districts (much of which may be delegated to your counselors; see pages 59, 61). At the request
of a stake president, you may help him train tlle members in his st<1ke (see page 55).
Counselor and judge. You have a sacred responsibility for helping missionaries be successful
and for ministering to their needs. You should normally interview each missionary once dur-
ing each transfer cycle and cow1sel with your missionaries em other occasions as needed.
If your mission includes member disb·icts, yon serve as a common judge in Israel for the
members in those districts. You may convene disciplinary councils for members of member
districts as needed (see page 62) or for missionaries as directed by a General Authority in the
Your Ministry
Missionary Department (see page 27). In member districts, you interview missionary candi-
dates and returning missionaries. You will also conduct temple recommend interviews (see
page 61).
fldrninistrator. The missionaries in t11e office handle a large part of the day-to-day adminis-
trative duties of the mission (see chapter 10) so that you can spend most of your time work-
ing directly with missionaries and members. You oversee their work. You cannot delegate the
transferring of missionaries or the signing of checks.
Just as your u1issionaries minister to their investigators, you minister to your missionaries by
strengthening their faith in Jesus Chris t, inviting them to repent, and encouraging them to
renew and keep covenants--·all so that they might be blessed and guided by the Holy Spirit.
In this important way, you set an example for your missionaries.
Be an example of Christlike love, and express that love frequently to yow· missionaries, to
members, and. to othel's. Without charity for all people you cannot accomplish the work of the
Lord in His way (see 1 Corinthians 13; Moroni 7:43- 48). Teach your missionaries thwugh your
example how to love the people with whom they work. Pray "with all the energy of heart, that
ye may be filled with this love, which he hath bestowed upon all who are true followers ofhis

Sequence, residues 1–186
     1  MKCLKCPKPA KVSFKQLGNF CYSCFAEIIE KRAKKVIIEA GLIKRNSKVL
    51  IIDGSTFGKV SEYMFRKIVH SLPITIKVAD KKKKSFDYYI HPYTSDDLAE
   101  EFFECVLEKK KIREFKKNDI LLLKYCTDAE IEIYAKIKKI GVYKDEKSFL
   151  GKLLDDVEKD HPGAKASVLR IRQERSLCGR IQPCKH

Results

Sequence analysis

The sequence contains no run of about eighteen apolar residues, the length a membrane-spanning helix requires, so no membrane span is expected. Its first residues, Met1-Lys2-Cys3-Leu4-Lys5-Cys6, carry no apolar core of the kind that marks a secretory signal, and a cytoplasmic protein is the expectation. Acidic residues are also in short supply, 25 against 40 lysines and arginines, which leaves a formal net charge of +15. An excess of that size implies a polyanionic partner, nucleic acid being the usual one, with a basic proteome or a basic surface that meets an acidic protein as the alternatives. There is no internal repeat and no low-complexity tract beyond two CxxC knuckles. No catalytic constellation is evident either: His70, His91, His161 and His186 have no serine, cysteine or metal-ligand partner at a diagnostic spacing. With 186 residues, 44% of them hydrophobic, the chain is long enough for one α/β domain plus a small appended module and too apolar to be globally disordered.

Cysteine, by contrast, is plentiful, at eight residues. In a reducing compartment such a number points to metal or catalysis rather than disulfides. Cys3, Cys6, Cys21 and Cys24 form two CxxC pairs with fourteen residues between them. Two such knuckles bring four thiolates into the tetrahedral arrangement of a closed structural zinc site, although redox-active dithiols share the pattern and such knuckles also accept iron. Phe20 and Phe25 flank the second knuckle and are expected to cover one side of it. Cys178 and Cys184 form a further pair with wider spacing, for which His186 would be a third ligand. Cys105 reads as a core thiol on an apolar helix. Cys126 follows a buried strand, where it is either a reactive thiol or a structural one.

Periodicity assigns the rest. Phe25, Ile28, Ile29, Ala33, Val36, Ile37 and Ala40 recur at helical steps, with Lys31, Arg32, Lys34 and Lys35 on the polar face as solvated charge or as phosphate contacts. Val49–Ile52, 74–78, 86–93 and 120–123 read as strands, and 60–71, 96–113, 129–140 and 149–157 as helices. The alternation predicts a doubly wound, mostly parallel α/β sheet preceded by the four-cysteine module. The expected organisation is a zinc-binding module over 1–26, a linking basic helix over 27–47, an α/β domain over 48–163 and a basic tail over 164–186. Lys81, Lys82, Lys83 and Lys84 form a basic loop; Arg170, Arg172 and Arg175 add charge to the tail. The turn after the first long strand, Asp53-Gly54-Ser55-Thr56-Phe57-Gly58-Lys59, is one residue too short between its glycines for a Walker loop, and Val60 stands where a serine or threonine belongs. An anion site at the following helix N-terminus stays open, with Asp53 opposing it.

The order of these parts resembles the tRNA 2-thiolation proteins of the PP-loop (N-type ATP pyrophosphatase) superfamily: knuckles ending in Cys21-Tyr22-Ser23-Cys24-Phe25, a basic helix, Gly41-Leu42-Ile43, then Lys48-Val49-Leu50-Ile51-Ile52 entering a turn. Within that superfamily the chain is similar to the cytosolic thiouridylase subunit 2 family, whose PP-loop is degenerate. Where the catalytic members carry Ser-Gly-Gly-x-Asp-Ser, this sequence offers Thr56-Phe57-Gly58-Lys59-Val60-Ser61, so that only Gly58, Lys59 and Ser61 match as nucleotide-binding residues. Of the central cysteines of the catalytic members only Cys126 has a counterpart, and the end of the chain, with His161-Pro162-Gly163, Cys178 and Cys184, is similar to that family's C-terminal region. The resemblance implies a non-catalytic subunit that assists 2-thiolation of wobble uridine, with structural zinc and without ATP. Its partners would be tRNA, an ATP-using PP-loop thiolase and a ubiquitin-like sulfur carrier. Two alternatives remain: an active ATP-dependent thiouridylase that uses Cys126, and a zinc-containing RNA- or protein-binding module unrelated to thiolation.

Son, Jesus Christ" (Moroni 7:48).
Seek ittcreasedfaith to become an 'instnmumt in the Lord's hauds to establish the Clmrch. Your
.intluence on miss.ionaries, converts, < ~ n d membe1:s directly affects conversion and retention.
Develop plans and initiate actions that strengthen the faith of missionaries and members an.d
help them make and keep commitments. Your righteous influenc€ and example will give your
missionaries a s e n     ~ of purpose and a confidence in their own capacity to influence others.
Emplwsize thtlt the first principles and ordina11ces of the gospel are the foumlation of con-
1..Jersio.n, retetttimt, and activation. You rmd your missionar ies have been called to establish the
Church, not just to increase the number of members. Emphasize retention and activation as
well as baptism to teach your missiona1ies that you are committed to establishing the Church
in a lasting way. Help your missionarii:'S understand that making sure converts experience
lasting conversion will reduce many retention and activation challenges. Help them see that
their work in retention and activation is integral to the.ir proselyting efforts.
Tertcll tJte purpose ofmissionan; work cl.early mtdfrequmtly. Your missionaries' purpose is to
invite others to come unto Chr.ist by helping them receive the resto.red gospel through froth in
Jesus Christ and His Atonement, repentance, baptL<>m
1
receiving the Holy Ghost, and enduring
to the end (see Preach My Gospel, page 1 ). Fulfilling this purpose includes preparing converts
for priesthood ordination, temple ordinances, and continut:'d sen·.ice and growth in the
ChurdL l'v1ake sure that intermediate goais are not mi.<>taken for this greater purpose.
Teach yow· missionaries to work. closely witlt ward leaders a11d memlJe1's in finding, teaching,
retention, and activatiott. In all finding and teaching activities, n<embers and missionaries
need to work closely together. Tt-ach your missionaries how to work with members to find